Why the Gospel of Thomas Matters: The spirituality of incertainties
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ANYONE seeing this book’s subtitle might be pardoned for thinking that “incertainties” is a misprint. But, in fact, the author has chosen a rare word (found in Shakespeare’s Sonnet 107) to convey a more positive aspect of doubt and uncertainty within a spiritual context.
The author is a Welsh Baptist minister and university tutor who completes, with this volume, a trilogy in spirituality. Previously he has asked whether there is a choice between religion and spirituality, and how one can see the good in unfamiliar spiritualities. Now he pursues such thinking, using the Gospel of Thomas as a means to an end rather than as an academic study of the Coptic text.
I thought that the Gospel of Thomas mattered, particularly when I encouraged Richard Valantasis to contribute a volume on the text, somewhat controversially, to my Routledge series of New Testament Readings in 1997. Gethin Abraham-Williams does not use this, nor Simon Gathercole’s book of 2012, and hardly any other of the recent studies of Thomas, among his sources. But he does address some of the historical and literary issues about the Coptic text in the course of his argument, and his pages are liberally sprinkled with quotations from John Henson’s rather free modern translation (in Good as New, 2004).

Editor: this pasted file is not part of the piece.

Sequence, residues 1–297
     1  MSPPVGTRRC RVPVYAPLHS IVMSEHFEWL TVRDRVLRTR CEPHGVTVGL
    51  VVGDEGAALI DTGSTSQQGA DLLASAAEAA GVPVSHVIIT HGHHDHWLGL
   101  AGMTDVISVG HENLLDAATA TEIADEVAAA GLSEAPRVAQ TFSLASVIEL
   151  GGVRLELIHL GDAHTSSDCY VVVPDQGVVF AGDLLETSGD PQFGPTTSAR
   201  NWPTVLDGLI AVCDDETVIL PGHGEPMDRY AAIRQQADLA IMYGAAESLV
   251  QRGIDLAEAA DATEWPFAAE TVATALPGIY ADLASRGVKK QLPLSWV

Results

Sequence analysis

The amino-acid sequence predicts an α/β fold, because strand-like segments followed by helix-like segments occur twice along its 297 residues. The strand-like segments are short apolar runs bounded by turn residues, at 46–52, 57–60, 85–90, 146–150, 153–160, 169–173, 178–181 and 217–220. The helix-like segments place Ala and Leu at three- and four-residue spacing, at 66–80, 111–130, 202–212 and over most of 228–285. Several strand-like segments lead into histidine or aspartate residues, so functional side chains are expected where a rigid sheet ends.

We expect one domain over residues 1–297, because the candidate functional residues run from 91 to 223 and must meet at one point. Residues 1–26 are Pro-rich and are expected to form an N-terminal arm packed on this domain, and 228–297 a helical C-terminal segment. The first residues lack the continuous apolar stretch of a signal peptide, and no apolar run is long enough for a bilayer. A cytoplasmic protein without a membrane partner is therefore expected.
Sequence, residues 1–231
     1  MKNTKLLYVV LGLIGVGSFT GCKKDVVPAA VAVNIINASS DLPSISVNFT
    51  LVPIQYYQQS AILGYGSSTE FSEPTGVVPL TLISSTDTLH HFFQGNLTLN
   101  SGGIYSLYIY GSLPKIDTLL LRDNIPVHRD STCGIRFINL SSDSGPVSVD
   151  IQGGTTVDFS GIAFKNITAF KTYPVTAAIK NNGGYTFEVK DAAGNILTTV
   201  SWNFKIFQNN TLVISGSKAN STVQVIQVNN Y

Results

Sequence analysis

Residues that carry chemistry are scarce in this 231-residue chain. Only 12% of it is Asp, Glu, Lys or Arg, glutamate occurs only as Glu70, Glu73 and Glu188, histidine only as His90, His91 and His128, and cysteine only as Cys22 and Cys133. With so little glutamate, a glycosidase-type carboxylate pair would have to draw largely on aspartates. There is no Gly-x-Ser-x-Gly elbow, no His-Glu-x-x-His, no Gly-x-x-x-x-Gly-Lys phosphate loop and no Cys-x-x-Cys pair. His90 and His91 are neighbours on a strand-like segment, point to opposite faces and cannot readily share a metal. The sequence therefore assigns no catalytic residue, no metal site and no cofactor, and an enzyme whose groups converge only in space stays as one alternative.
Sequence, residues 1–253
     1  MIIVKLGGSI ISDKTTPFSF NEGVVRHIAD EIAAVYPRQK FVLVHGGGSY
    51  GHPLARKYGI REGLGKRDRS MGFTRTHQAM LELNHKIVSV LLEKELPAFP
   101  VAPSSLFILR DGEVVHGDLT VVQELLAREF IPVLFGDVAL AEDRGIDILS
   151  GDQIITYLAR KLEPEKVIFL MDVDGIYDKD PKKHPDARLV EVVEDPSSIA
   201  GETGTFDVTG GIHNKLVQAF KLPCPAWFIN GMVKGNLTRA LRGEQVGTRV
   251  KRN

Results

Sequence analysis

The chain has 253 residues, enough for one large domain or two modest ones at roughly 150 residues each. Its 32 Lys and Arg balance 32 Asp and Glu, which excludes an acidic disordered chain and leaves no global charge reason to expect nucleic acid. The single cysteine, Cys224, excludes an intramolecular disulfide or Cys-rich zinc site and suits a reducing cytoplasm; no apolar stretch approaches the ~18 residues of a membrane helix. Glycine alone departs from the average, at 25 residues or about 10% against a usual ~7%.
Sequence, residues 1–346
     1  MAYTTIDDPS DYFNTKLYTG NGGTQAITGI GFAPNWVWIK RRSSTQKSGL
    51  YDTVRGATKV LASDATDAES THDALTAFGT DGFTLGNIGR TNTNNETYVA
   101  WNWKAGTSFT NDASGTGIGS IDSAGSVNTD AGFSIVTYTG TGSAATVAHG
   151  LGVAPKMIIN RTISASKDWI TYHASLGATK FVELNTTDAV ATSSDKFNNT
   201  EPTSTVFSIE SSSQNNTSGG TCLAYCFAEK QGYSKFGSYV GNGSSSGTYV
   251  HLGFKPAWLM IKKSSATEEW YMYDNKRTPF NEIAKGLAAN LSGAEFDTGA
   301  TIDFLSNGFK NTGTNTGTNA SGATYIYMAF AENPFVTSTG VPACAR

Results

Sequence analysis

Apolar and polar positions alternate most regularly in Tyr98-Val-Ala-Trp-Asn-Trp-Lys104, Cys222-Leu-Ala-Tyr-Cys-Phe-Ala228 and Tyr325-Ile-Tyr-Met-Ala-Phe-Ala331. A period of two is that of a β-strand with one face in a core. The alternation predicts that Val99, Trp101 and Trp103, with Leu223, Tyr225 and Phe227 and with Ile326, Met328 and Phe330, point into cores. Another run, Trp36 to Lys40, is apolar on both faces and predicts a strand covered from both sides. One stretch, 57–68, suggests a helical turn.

The author makes bold and largely unsubstantiated claims. This Gospel gives insights into the Jewishness of Jesus, and how Jesus taught within the specifically Jewish Wisdom tradition. St Thomas is characterised by reference to his four interventions in the narrative of St John’s Gospel. He is not a doubter (Didymus), but he asks critical questions (again in the Jewish tradition). He requires his own authentic encounter, and not secondhand experiences. He is startlingly provocative, believing in a critical process, and being suspicious of both fundamentalism and ritual. On the strength of John’s Gospel, Thomas has links with Lazarus’s family at Bethany: “Let us go, that we may die with him” (11.16).
This book can be appreciated as a refreshing study of ambiguity in spirituality. It is a discursive work, full of anecdotes and modern references, engaging but sometimes wayward. As an introduction to the Gospel of Thomas, however, it is highly speculative, and less than reliable.
Dr John Court is Honorary Senior Research Fellow in Biblical Studies at the University of Kent at Canterbury.